Thursday, August 13, 2009

Ehhhhhhh? Moments

One of my favorite Japanese TV shows used to be the ヘ?ehhhhh game show. On this singular program, a group of panelists would be shown an assortment of very odd things, and they would press a button labeled "ヘ?" as many times as they thought the object strange. The oddity that incurred the most ehhhs won. I have been seeing so many things here that would do great on an American spin off of this TV show so I think I will dedicate several blogs to its noble purpose. My awesome friend Sarah Richcreek gave me this idea- so this blog is for you, girl!

I thinks Japan`s advertising motto should be "If there is a need we will fill it. If there is no need we will make one and make it cuter". I mean seriously. Chair socks? With daisies on them? I had a sudden and irrational urge to buy these for my chairs, lest their tiny wooden feet get cold in the harsh winter. Luckily, I resisted.

For emphasis, the sign for this museum literally says "Abacus and Craft Museum". I had heard that abacus were popular in this part of Japan, but I didn't really believe it. Until I saw this museum. What? What is an abacus museum? Why are there crafts involved? I think that metal diamond is actually supposed to be an abacus block- classy touch. I am not joking when I say I must go to this museum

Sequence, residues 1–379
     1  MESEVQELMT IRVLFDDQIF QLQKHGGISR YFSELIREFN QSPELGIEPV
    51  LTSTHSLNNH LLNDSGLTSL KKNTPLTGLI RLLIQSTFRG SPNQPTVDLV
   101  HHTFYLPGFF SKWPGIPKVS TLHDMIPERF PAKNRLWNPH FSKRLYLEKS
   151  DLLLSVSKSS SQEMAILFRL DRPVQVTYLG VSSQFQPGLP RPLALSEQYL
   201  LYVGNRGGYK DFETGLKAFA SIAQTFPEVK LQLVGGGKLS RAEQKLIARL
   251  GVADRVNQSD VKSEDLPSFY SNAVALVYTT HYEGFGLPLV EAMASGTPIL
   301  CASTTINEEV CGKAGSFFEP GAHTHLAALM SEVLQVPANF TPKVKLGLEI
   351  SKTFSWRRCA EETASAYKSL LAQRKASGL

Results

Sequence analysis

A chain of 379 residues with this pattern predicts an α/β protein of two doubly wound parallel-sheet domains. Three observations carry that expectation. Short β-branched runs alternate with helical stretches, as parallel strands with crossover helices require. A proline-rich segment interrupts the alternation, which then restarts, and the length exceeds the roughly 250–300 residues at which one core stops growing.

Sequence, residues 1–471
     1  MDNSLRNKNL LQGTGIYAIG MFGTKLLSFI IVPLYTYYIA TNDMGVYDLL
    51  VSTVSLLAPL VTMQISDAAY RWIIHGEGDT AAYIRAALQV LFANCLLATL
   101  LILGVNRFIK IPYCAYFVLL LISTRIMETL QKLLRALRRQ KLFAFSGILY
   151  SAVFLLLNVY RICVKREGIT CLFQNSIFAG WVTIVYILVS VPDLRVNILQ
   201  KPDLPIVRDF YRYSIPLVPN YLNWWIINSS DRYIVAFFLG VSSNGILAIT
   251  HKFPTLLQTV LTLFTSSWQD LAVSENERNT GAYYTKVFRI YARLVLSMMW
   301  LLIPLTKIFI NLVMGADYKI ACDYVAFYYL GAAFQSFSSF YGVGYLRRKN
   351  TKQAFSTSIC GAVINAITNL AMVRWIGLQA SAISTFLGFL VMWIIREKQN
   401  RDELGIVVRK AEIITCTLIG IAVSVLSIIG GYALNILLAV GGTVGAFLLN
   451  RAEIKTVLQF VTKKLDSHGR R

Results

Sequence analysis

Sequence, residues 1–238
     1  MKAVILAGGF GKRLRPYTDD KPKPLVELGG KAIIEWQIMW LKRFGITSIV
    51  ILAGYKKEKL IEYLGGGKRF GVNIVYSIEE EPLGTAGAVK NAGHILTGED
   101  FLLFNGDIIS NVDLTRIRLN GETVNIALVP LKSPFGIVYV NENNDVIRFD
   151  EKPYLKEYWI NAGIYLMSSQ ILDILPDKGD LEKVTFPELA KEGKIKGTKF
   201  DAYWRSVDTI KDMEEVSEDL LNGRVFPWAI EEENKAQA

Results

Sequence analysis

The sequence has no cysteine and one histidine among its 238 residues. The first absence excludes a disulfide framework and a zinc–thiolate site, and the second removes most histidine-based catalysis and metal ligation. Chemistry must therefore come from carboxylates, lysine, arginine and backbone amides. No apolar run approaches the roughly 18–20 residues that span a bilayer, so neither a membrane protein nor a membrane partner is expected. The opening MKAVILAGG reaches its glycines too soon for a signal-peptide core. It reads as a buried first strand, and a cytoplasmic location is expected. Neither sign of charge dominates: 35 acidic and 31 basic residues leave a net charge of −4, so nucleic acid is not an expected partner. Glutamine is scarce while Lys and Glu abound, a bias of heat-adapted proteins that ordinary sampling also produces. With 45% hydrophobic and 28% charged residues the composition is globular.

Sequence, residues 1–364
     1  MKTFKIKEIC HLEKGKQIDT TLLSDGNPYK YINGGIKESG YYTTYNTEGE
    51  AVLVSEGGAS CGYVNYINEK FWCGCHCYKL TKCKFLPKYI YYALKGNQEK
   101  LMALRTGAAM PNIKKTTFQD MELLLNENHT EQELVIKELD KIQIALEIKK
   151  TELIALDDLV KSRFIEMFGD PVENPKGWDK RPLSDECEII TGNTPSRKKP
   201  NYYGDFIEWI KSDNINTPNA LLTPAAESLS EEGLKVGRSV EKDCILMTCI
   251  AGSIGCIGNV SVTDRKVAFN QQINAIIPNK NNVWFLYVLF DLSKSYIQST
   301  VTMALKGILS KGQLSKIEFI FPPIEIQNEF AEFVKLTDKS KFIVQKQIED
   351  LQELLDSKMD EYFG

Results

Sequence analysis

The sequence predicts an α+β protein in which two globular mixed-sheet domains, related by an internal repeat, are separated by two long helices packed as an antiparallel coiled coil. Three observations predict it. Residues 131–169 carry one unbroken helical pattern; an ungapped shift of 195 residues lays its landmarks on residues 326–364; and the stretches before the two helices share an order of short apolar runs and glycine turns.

Although the most unassuming of the three pictures, this product actually has the funniest story behind it. Since coming to Japan I've been drinking mostly green tea, water, and a Diet Coke once a day. In the States I like to drink a lot of different things so I thought I would expand my repertoire of Japanese beverages. "I know Japanese" I thought to myself. "I will use my skillz to obtain a tasty tasty treat." I really enjoyed all those powdered drinks you could put in water bottles from back home, so these guys caught my eye. I knew the kanji on here too- the one that looks like 梅 means plum and the one that looks like 茶 means tea. Plum tea?! Delicious! Perfect! Unfortunately I overlooked the stuff in the middle of those two characters because I didn't know what they meant. Turns out it was a contraction for Konbu- a particularly odious kind of black seaweed. So when I took a swig of my new drink it tasted like plum flavored salt water with seaweed. I almost choked. Just goes to show you the pursuit of tasty treats in Japan is not for the weak of stomach.

Yesterday I went to the Yokota preschool to play with the kids. We had so much fun. One of their favorite games was one where a gaggle of girls would lead my by the hands over to the shoe cupboard, which they reassured me did NOT, in fact, have any ghosts. Then the boys would jump out and yell and I would run away for my life from the "scary" ghosts. This continued for a good hour, at which time we were all sweating like crazy and laughing so hard our sides hurt. Then decided to turn into a dinosaur, and walked around "chasing" the kids. They just ran around the place thunderously- I didn't even have to really chase them. Those genki genki kids.

1 comment:

  1. Yay! Ehhh blog! I hope one of many! I feel honored to get a dedication! I'm like your muse or something. :)